Faucets of Guangzhou Seagull Kitchen and Bath Products, a manufacturer of high-end and customized bathroom facilities, are displayed in Guangzhou, capital of south China's Guangdong Province, June 18, 2019. (Xinhua/Zhou Ziyang)
BEIJING, June 22 (Xinhua) -- Caught in an uncertain trade environment where tariff hike threats are yet to be defused, Chinese firms have started to fine-tune their business plans for more predictable growth.
Guangzhou Seagull Kitchen and Bath Products, a manufacturer of high-end and customized bathroom facilities in southern China's Guangdong Province, expected the proportion of its exports to total sale volume down to 400 percent this year from 69 percent in 2018.
The shift is not due to decline in export orders, but rapid growth in the local market, said Joe Chen, vice president of the company.
"China's rising middle class has created strong purchasing power that will support our domestic sales," said Chen.
The United States has been the company's biggest overseas market, accounting for almost half of its exports, but Chen said the trade frictions would have limited impact on the company in the short run.
"It's not realistic for our clients to shift to other countries' suppliers as the process takes at least three years because of the complex supply chain," Chen said.
In the long term, the company will strive to provide more advanced products to the domestic market to meet increasingly sophisticated consumers demands, Chen said.
CHINESE MARKET AS BUFFER
To cope with the rising domestic demand, the company has planned to quadruple its production capacity of prefabricated bathroom and kitchen, a key product in the domestic market, and establish new sites by the end of the year.
From 2016 to 2018, the company saw its exports to the United States rise by 12.5 percent, while sales in the Chinese market nearly doubled.
Such a change reflects the decreasing reliance of the United States as China's export market. In early June, China's Vice Commerce Minister Wang Shouwen said the U.S. tariff hike will have some impact on China's foreign trade, but is generally controllable.
Official statistics from China showed that the U.S. share of China's total exports shrank from 22 percent in 1999 to 16 percent now.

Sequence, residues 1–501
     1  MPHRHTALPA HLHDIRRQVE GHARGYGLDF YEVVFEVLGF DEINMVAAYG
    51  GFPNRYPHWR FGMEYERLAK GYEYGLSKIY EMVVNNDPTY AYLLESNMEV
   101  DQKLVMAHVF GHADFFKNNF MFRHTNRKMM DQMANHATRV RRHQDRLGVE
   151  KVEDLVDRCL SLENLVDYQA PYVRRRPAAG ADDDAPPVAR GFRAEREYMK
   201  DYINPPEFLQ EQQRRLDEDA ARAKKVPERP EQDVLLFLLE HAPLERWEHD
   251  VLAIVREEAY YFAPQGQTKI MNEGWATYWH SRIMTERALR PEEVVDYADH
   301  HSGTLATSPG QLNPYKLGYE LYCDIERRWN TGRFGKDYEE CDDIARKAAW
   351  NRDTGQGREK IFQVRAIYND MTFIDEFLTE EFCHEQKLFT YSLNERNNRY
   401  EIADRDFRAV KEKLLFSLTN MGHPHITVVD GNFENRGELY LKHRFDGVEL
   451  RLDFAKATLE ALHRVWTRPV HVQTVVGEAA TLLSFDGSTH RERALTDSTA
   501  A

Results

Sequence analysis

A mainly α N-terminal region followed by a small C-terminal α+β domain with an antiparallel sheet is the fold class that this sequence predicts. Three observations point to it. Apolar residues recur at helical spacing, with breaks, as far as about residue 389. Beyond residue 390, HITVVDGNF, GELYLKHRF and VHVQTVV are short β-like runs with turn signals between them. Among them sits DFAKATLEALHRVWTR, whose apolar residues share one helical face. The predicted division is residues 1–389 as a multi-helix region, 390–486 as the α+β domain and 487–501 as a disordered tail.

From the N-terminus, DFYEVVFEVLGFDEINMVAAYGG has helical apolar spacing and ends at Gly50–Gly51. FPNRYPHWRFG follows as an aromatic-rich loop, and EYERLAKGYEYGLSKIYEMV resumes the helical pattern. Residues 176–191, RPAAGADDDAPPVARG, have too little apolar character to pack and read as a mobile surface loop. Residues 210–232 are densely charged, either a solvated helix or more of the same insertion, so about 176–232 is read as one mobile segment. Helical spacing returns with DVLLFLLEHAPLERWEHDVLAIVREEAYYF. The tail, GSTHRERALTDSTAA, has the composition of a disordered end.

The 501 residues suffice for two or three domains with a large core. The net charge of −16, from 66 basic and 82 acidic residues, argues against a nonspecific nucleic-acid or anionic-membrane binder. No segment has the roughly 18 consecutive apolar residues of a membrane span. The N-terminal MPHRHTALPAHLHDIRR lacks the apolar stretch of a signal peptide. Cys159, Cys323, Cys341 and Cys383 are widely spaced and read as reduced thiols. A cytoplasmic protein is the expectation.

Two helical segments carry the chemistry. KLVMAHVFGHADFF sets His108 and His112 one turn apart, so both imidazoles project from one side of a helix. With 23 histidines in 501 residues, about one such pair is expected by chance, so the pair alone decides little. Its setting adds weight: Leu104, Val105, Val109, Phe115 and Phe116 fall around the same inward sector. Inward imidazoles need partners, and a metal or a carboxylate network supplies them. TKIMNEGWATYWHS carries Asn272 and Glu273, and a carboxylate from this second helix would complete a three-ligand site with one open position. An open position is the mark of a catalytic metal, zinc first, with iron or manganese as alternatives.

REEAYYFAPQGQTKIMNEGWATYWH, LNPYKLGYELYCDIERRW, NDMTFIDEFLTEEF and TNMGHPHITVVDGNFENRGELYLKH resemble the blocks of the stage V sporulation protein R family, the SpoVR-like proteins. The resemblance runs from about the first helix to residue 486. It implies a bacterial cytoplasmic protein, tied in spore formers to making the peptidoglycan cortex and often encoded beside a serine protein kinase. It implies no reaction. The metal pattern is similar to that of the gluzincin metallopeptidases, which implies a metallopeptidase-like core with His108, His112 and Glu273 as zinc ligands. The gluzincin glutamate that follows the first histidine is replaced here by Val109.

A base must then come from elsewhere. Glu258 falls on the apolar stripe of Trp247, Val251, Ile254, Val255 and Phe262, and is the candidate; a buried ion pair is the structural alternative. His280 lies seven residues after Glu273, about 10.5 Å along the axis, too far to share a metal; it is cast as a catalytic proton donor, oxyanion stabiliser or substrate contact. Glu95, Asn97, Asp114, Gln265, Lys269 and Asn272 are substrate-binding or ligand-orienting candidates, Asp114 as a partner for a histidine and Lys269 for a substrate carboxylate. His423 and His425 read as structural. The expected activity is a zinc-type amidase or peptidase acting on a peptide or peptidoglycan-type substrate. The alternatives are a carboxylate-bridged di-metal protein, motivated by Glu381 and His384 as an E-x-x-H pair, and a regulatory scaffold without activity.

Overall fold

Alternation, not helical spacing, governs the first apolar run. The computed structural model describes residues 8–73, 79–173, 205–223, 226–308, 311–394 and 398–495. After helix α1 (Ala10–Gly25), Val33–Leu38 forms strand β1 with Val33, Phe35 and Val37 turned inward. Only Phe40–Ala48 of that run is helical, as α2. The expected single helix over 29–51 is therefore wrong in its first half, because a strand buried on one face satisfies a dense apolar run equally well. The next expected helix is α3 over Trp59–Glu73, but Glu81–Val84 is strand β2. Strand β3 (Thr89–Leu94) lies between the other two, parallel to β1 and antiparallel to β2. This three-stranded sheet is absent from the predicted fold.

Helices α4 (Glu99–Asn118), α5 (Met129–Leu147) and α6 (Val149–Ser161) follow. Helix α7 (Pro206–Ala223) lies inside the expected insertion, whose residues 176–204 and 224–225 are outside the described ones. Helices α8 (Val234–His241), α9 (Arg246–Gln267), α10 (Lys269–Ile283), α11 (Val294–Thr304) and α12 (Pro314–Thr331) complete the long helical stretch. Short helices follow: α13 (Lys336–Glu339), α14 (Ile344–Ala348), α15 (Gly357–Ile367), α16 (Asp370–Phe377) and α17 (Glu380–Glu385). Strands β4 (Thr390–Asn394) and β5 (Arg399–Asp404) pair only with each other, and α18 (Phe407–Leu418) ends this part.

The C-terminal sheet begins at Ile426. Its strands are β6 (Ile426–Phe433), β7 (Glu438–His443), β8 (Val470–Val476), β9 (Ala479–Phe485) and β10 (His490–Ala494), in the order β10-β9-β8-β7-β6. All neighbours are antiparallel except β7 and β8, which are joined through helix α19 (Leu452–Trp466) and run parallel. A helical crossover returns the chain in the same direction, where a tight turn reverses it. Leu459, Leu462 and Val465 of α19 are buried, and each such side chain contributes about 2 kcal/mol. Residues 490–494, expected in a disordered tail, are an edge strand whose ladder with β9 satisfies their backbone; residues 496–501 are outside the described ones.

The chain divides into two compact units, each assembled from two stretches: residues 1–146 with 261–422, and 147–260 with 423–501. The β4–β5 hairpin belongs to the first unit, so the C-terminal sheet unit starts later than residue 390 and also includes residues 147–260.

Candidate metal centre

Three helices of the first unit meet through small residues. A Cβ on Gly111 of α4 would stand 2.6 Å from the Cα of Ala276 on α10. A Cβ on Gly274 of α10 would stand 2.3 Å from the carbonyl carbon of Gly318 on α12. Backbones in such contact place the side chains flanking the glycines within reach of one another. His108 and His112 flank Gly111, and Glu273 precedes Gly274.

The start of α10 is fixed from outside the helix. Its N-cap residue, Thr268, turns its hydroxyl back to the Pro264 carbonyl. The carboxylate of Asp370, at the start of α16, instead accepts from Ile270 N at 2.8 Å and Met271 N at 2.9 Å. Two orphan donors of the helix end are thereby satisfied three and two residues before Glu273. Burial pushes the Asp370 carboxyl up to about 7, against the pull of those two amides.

Analysts said that the tariff tension provoked by the United States, if not defused, might further diminish the appeal of the U.S. market to Chinese manufacturers, and sour Sino-U.S. business collaboration along industrial chains.
One of the binding agents to cement the cooperation between Chinese and American firms, however, is China's vast domestic market where demand for better quality goods keeps surging.
Harley Seyedin, president of AmCham South China, told Xinhua that U.S. firms were not pulling out of China under trade tensions as the country's consumer market is just too big to lose out on.
"I don't know a single company or member who has left China," he said, adding that the Chinese economy is growing at a relatively fast pace, creating consumer demand and investment opportunities.
Automaker Tesla and German chemicals giant BASF, for instance, have ramped up their investment in China this year, according to the Ministry of Industry and Information Technology.
In the past five months, the total foreign investment actually utilized by the country stood at 369.06 billion yuan (about 55 billion U.S. dollars), up 6.8 percent year on year, with some 16,4400 foreign-invested firms newly established.
RESEARCH AND INNOVATION AS PRIORITY
If the prolonged Sino-U.S. trade tension had given Chinese firms anything as a lesson, local firms said it would be the significance of research and innovation and being technically competitive.
On May 10, the United States announced a decision to increase additional tariffs on 400 billion U.S. dollars worth of Chinese imports from 10 percent to 25 percent.
"The additional 15-percent tariff hikes came unexpectedly, many of our customers felt at a loss. But it is no easy rebuilding industrial chains elsewhere as lots of raw materials and technologies have been involved," said Lao Jiewei, secretary of the board of directors of Golden Sea, a Guangzhou-based professional lighting provider.
What the 1,000-employee company could do, he said, was to increase efficiency and retain the competitiveness of its products by fostering new technical advantages.
"Our research investment accounts for around 6 percent of our sales revenue and we will continue to increase it so our products remain competitive in the market," Lao said.
In addition, the company has more than one-tenth of its employees engaging in research and creative design.
As tariff uncertainties hurt market confidence and new orders, Lao said a proper solution would be good for both countries.
If no solution were reached, and the Chinese and U.S. economies were decoupled, local manufacturers said they would have a chance to gain back the more profitable market share acquired by established American brands by providing products with higher cost-effectiveness.
In the long term, the tariff war is an opportunity for export firms to better tap the domestic market and the markets beyond the United States, said Joe Chen.
(Video reporters: Zhou Ziyang, Wang Pan; Video editor: Zheng Xin)